Have you heard of Zopa? It’s got quite a unique name, it’s been in the press, and it’s been around for a good few years now, but most people I ask don’t know what it is.

Zopa is a peer-to-peer money lending site. What exactly does that mean? Well, it’s about bringing lenders and borrowers directly together. Banks have been doing this themselves for years, but with a huge void in between – you never know what’s happened to your money, only that you get a fixed rate of return, and that someone else is borrowing money, possibly yours. Zopa attempts to cut out this middle man and in return claims better rates for both lenders and borrowers.

What’s the catch? As with any scheme offering you more interest than a high street bank it’s more risky and involves more effort (not a lot, if you want to be lazy, but you can get heavily involved if you want!). By cutting out the middle man the guarantees to lenders are gone. You don’t put your money in for a fixed rate of return and wait for your income to appear. Instead, the rates can vary, and you’re directly exposed to late payments and defaulters (people who don’t pay).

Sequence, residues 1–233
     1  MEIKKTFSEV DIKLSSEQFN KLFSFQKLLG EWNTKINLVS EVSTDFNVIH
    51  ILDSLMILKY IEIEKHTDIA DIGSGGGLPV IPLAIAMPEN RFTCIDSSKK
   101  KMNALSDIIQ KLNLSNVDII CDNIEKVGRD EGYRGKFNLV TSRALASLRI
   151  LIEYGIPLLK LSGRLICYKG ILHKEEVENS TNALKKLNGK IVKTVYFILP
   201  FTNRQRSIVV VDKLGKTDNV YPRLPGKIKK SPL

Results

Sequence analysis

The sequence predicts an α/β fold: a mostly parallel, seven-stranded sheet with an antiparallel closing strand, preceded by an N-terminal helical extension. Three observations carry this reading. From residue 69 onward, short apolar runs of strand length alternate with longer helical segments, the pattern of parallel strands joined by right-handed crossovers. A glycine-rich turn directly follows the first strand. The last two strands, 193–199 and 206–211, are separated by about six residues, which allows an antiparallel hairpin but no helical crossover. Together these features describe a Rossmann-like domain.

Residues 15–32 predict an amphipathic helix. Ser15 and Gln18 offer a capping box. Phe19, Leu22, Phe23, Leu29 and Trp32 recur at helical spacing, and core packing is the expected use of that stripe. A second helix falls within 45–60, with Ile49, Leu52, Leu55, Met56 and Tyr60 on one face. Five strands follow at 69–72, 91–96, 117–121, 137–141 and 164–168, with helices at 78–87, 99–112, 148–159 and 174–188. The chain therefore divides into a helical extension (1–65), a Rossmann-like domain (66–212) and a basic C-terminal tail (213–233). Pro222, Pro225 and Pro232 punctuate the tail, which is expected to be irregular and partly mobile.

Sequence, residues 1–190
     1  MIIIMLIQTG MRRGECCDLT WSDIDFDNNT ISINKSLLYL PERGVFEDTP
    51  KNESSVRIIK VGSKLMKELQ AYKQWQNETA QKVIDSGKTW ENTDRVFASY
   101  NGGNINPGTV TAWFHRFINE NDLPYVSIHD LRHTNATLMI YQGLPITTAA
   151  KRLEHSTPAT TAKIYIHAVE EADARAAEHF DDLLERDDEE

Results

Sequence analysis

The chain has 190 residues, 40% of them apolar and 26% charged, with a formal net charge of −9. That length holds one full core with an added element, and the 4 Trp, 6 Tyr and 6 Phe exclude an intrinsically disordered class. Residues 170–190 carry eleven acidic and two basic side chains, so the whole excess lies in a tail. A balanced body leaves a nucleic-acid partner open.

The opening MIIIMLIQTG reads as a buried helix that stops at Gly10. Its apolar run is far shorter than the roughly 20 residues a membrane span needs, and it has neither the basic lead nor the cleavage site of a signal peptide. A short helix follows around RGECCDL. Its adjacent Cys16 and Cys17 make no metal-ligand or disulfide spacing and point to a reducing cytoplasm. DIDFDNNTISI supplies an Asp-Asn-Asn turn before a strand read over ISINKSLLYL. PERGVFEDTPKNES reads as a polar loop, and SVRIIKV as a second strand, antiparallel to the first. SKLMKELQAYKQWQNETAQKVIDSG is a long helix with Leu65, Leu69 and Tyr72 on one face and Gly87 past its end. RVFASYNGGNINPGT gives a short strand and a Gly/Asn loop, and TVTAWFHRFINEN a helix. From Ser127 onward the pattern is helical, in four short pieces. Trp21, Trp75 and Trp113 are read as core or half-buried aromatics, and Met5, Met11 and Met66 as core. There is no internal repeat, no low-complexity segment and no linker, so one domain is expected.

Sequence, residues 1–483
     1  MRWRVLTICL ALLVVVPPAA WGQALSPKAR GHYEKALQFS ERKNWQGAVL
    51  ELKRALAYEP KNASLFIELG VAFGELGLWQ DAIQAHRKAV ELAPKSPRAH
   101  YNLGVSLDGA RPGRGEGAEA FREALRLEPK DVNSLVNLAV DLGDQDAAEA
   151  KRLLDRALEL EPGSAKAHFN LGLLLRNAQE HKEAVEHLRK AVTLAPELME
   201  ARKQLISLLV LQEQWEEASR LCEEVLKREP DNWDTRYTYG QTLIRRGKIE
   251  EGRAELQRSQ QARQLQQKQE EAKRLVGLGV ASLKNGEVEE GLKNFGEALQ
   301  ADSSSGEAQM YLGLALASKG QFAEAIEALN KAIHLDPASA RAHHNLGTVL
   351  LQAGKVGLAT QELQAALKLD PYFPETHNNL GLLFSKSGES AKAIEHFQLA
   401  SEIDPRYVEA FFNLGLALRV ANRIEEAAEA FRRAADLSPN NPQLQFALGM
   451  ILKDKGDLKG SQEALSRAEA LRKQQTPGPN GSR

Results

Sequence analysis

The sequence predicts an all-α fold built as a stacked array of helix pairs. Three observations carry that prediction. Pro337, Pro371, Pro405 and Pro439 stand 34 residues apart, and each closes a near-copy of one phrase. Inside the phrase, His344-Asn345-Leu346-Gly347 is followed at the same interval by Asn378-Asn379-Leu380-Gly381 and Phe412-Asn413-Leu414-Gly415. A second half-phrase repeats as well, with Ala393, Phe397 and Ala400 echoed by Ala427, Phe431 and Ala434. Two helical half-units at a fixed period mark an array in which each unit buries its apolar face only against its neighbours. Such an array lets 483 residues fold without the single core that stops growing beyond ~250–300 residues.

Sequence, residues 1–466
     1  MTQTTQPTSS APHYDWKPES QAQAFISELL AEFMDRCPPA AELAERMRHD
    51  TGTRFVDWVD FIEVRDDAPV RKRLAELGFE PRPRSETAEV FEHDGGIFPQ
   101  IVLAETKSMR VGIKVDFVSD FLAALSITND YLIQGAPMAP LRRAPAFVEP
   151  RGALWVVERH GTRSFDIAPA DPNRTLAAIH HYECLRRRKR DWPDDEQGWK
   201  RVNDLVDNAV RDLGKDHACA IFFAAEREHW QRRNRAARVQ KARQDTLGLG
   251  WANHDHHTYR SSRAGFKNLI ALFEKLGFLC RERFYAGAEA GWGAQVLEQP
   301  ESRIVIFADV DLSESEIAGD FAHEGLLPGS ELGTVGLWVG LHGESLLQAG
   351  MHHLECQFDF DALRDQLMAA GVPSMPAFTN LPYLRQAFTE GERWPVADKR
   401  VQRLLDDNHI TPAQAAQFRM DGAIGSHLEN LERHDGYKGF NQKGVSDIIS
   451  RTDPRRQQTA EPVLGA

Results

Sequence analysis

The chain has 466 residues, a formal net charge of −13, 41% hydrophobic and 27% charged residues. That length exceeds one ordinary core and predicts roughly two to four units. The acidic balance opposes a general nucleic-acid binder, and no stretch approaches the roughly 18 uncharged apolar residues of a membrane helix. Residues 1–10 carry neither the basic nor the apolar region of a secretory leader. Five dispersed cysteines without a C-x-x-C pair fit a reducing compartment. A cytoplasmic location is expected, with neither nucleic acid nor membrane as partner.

Lets look at how it actually works. There’s two ways to lend on Zopa – the market place and listings. The market place is a place where lenders can offer money to certain categories of borrower (A* to Y, based on credit rating and/or age) at certain rates for a certain period of time (3 or 5 years). Borrowers then apply for loans (I’m not sure on this process because I haven’t done it) and get matched up with lenders by Zopa’s systems.

Zopa allow you to limit your exposure to each borrower. So when setting up your lending offer for the markets you can say to lend a maximum of, for example, £10 to each borrower. When the system matches up a loan for a borrower it has to use the offers from many lenders to build up a package. This is great for lenders since your funds are spread widely, which means if an individual borrower defaults the impact is less than it would be if you’d covered that entire loan yourself.

The other method of lending is called listings. These are more auction like – a borrower puts a listing up and gives details of their financial status and why they want money. Lenders can ask questions (publicly) about these details and can decide whether they want to make an offer. Offers are made for a certain amount at a certain percentage. When enough offers have been made to cover the loan the ones with high percentages start being knocked off the end. As the listing approaches its close lenders often fight to get their offer in at as high a rate as possible, which drives down the average rate (which is what the borrower gets). At the end of all this the borrower can decide whether to accept or not.